A former chemical manufacturing plant in the United Kingdom was scheduled for closure in the mid-1990s, and a team of environmental managers established a program for identifying and mitigating any potentially unacceptable risks to human health and the environment associated with the facility’s 160 years of operation. During an initial screening of potential exposure pathways, subsurface vapor intrusion was identified as a possible concern. Residential properties are present in very close proximity to two former sandstone quarries that had been filled with waste materials and lime slurry from former chlorinated solvent production processes.
Geosyntec’s Scope of Services
Environmental specialists now with Geosyntec were retained in 1997 to provide technical direction, data management, and reporting services for the largest vapor intrusion investigation undertaken at the time. The study consisted of preliminary mathematical modeling, installation of several phases of vapor monitoring wells, multiple rounds of subsurface vapor sampling and analysis for volatile organic compounds and chlorinated butadienes, four rounds of outdoor and indoor air sampling of 145 properties with all samples in duplicate. The investigation generated a very large dataset including more than 2,000 indoor air samples, more than 300 outdoor air samples, and more than 400 subsurface gas samples.
Geosyntec was retained to conduct detailed studies to characterize indoor air ventilation properties associated with adjacent residences, subsurface gas permeabilities, geologic material properties, the influence of weather conditions on subsurface and indoor concentrations, and spatial, temporal and laboratory variability. Geosyntec included in these analyses a complete data management system that incorporated geographic information system technology that allowed our clients, regulators, and other stakeholders to visualize the nature and extend of subsurface conditions for the first time. GeoSyntec prepared the technical arguments to identify and demonstrate the subsurface vapor fate and transport processes, specified and managed the collection of the data to support the evaluation, presented the study results and interpretations to the regulatory agencies, and documented the study in a comprehensive risk assessment report.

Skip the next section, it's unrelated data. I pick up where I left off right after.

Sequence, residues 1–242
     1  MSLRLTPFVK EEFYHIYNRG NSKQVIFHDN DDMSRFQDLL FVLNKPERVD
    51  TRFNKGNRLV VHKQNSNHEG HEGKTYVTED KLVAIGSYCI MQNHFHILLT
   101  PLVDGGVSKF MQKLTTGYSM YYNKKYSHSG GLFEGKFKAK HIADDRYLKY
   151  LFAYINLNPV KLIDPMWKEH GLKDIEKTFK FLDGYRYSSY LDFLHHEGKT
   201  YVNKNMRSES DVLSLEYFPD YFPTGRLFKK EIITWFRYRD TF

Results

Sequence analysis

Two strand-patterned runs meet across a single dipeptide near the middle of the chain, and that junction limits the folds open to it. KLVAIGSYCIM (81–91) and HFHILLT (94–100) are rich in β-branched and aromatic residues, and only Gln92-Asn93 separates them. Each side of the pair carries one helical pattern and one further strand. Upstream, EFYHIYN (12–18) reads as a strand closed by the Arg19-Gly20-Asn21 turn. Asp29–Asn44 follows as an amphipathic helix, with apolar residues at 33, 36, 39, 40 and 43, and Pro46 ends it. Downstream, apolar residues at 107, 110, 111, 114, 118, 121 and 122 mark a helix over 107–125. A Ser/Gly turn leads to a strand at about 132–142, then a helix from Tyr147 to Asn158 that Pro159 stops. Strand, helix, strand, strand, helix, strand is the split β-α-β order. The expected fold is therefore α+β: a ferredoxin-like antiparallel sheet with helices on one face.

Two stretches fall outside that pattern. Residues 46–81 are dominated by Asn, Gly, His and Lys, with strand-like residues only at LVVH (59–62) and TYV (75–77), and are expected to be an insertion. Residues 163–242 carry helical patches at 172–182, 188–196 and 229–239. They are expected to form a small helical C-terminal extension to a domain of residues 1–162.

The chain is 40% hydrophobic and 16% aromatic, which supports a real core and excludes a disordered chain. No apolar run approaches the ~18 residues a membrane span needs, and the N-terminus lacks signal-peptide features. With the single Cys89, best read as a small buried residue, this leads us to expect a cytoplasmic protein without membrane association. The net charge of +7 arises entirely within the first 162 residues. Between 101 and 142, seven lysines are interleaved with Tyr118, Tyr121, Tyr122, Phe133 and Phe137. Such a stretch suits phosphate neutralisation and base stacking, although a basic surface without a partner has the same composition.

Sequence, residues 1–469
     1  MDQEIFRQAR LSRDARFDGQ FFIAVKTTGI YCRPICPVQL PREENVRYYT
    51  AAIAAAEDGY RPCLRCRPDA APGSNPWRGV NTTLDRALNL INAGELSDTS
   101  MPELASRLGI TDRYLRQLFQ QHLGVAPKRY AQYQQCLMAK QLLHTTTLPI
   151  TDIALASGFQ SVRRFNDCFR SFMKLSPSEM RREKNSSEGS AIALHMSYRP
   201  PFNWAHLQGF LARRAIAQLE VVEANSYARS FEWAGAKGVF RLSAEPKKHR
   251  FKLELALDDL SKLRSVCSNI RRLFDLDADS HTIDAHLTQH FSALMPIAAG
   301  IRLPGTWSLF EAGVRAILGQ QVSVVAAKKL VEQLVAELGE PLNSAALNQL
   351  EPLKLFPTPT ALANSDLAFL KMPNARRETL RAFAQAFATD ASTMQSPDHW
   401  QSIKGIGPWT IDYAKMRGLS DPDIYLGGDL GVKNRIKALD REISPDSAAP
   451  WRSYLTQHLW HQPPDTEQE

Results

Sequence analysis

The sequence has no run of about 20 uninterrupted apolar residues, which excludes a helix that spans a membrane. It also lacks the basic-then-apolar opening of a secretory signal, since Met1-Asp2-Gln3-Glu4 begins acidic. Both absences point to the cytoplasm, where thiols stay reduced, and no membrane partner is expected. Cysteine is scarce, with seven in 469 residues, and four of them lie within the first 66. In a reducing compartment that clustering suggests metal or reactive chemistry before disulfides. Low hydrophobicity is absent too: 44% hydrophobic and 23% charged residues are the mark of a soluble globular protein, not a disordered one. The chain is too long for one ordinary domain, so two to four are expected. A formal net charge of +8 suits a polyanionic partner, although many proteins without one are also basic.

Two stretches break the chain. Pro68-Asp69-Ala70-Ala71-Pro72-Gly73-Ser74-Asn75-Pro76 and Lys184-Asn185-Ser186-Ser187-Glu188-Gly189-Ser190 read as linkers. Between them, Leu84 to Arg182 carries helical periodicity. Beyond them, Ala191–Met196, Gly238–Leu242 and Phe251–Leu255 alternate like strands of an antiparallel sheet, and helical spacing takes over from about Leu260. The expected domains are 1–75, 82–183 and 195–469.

Geosyntec demonstrated that vapor intrusion is limited to a small fraction of the properties, mostly located immediately adjacent to the former waste disposal areas and constructed on highly permeable backfill materials over formerly quarried land. The Triassic sandstone bedrock was shown to impose significant resistance to vertical vapor migration because of the tendency for infiltrating water to be retained at fine-grained layers, which act as vapor barriers.
This site has become leading reference site for subsurface vapor intrusion analyses not only in Europe but also North America. Geosyntec’s work along with that of our project colleagues (industry, leading universities, and specialty consultants) has been widely distributed among regulators and policy makers as representing the state-of-the-practice and a benchmark in subsurface vapor intrusion data collection, assessment, and analysis.